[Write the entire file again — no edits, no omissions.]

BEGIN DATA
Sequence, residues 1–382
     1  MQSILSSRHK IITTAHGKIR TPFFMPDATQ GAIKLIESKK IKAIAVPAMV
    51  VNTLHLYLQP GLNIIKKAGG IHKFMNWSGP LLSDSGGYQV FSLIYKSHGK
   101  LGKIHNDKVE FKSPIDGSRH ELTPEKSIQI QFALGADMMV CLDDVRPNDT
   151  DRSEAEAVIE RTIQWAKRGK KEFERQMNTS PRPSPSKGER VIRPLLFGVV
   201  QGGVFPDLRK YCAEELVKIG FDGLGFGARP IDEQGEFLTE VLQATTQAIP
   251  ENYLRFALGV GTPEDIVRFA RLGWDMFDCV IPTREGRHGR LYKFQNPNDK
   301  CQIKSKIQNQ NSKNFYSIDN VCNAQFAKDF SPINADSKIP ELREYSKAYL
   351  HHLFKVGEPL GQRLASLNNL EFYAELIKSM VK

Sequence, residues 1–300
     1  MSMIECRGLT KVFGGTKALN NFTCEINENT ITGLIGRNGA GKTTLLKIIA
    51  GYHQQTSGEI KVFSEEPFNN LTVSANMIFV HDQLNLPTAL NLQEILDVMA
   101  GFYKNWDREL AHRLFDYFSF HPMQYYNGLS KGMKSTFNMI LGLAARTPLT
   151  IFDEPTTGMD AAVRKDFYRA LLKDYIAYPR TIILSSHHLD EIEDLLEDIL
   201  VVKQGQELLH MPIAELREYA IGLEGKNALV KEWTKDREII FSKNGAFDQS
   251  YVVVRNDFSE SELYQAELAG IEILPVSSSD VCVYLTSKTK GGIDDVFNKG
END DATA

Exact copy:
Sequence, residues 1–382
     1  MQSILSSRHK IITTAHGKIR TPFFMPDATQ GAIKLIESKK IKAIAVPAMV
    51  VNTLHLYLQP GLNIIKKAGG IHKFMNWSGP LLSDSGGYQV FSLIYKSHGK
   101  LGKIHNDKVE FKSPIDGSRH ELTPEKSIQI QFALGADMMV CLDDVRPNDT
   151  DRSEAEAVIE RTIQWAKRGK KEFERQMNTS PRPSPSKGER VIRPLLFGVV
   201  QGGVFPDLRK YCAEELVKIG FDGLGFGARP IDEQGEFLTE VLQATTQAIP
   251  ENYLRFALGV GTPEDIVRFA RLGWDMFDCV IPTREGRHGR LYKFQNPNDK
   301  CQIKSKIQNQ NSKNFYSIDN VCNAQFAKDF SPINADSKIP ELREYSKAYL
   351  HHLFKVGEPL GQRLASLNNL EFYAELIKSM VK

Sequence, residues 1–300
     1  MSMIECRGLT KVFGGTKALN NFTCEINENT ITGLIGRNGA GKTTLLKIIA
    51  GYHQQTSGEI KVFSEEPFNN LTVSANMIFV HDQLNLPTAL NLQEILDVMA
   101  GFYKNWDREL AHRLFDYFSF HPMQYYNGLS KGMKSTFNMI LGLAARTPLT
   151  IFDEPTTGMD AAVRKDFYRA LLKDYIAYPR TIILSSHHLD EIEDLLEDIL
   201  VVKQGQELLH MPIAELREYA IGLEGKNALV KEWTKDREII FSKNGAFDQS
   251  YVVVRNDFSE SELYQAELAG IEILPVSSSD VCVYLTSKTK GGIDDVFNKG